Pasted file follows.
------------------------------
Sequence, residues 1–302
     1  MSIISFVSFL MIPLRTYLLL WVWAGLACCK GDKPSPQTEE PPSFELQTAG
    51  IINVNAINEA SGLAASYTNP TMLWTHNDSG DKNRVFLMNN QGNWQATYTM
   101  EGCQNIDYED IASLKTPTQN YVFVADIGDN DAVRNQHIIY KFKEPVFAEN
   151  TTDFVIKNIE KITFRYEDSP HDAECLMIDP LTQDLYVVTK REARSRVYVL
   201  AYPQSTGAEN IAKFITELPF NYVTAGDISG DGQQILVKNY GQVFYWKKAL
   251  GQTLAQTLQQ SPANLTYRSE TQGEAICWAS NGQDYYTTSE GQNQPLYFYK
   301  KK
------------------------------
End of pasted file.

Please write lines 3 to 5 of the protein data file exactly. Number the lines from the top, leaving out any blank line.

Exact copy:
    51  IINVNAINEA SGLAASYTNP TMLWTHNDSG DKNRVFLMNN QGNWQATYTM
   101  EGCQNIDYED IASLKTPTQN YVFVADIGDN DAVRNQHIIY KFKEPVFAEN
   151  TTDFVIKNIE KITFRYEDSP HDAECLMIDP LTQDLYVVTK REARSRVYVL